Call to write off debt for poorest countries in the wake of corona crisis
London – On the eve of the meeting of the G20 countries, more than 100 charities and NGOs have urged the IMF and World Bank, G20 governments and private creditors to cancel debt payments for some of the poorest countries in the world in the wake of the coronavirus crisis.
In a statement issued on Tuesday, organisations including the Oxfam and Action Aid International, have urged the immediate cancellation of 69 poor countries’ debt payments for the rest of the year, including to private creditors, estimating that it would free up over $25 billion for the countries, or $50 billion if extended through 2021.
The Jubilee Debt Campaign also called for debt cancellations or additional finance to be free of conditions on economic policy such as austerity, and for the G20 to back emergency rules that would prevent poorer countries from being sued by private creditors.
“Developing countries are being hit by an unprecedented economic shock, and at the same time face an urgent health emergency,” Sarah-Jayne Clifton, Director of Jubilee Debt Campaign, said.
“This is the fastest way to keep money in countries to use in responding to Covid-19, and to ensure public money is not wasted bailing out the profits of rich private speculators,” she added.
Calculations from non-profit network Eurodad show that 69 of the world’s poorest countries are due to pay $19.5bn to other governments and multilateral institutions, and $6bn to external private lenders this year.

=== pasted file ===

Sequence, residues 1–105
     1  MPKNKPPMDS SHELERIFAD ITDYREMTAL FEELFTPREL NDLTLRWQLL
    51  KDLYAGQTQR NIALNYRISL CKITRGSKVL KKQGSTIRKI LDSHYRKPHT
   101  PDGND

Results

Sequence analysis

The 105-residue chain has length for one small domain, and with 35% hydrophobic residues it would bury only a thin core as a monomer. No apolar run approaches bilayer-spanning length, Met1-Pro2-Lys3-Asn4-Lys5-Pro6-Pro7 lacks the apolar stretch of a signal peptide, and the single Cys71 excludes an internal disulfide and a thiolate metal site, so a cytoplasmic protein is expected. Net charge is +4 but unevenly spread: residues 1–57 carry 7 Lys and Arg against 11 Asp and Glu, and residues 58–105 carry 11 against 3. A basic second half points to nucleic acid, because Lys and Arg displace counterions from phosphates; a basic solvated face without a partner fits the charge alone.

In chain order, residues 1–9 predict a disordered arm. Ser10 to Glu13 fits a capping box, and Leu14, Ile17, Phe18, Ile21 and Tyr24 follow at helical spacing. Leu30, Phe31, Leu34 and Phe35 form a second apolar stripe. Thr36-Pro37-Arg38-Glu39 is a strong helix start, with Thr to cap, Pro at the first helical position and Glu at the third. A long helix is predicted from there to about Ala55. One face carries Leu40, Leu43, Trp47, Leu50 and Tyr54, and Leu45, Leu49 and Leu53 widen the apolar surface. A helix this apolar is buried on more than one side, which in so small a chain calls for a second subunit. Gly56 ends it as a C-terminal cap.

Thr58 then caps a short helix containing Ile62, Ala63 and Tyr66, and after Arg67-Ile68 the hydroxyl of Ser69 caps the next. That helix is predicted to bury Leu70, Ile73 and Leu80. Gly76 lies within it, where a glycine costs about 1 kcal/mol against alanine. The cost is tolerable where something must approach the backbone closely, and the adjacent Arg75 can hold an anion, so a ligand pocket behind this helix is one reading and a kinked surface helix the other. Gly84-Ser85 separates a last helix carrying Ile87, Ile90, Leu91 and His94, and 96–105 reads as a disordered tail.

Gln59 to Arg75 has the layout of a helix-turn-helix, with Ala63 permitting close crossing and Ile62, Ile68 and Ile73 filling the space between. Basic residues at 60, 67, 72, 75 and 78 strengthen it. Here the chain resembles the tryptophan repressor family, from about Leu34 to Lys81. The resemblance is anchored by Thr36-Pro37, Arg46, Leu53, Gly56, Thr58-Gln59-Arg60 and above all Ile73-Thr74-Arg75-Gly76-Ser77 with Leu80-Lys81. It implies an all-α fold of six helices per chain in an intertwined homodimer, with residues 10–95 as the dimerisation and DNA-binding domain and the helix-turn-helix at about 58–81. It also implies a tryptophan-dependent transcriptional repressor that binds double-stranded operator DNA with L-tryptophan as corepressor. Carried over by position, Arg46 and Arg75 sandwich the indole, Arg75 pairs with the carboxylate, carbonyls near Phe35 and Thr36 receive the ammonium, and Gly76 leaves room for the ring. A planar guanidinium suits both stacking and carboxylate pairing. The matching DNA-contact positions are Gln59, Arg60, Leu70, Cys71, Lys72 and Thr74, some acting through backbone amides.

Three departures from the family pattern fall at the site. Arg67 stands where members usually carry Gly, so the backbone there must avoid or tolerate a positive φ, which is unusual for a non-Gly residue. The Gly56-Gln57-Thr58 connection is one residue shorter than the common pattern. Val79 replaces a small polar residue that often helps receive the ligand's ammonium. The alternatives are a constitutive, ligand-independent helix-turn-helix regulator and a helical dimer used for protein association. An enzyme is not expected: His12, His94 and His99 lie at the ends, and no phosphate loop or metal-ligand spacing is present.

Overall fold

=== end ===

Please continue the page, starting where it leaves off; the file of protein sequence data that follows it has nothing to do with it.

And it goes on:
The International Monetary Fund (IMF) has made $50bn available in emergency financing while the World Bank has approved a $14bn response package to the most vulnerable economies. The IMF wants to target the money at countries with weak health systems to help them respond to the epidemic.
During the coronavirus pandemic, campaigners want debt relief to be applied for all countries in need, and most urgently for the poorest countries. Looking more long-term, they want a process to reduce debts to a sustainable level after the crisis.
Talking to BBC Nepali in Kathmandu, a leading economist and Nepal’s former envoy to the US, Dr Shankar Sharma, said Nepal will benefit if its debt is written off as the country is fighting to contain the spread of coronavirus.
“Nepal is going to lose its remittance income as well as income from exports and tourism. In such a situation, it will help reduce current account deficit and maintain foreign currency reserves if the foreign debt is written off,” said Dr Sharma.
He said such a debt relief should be extended for few more years for Least Developed Countries like Nepal.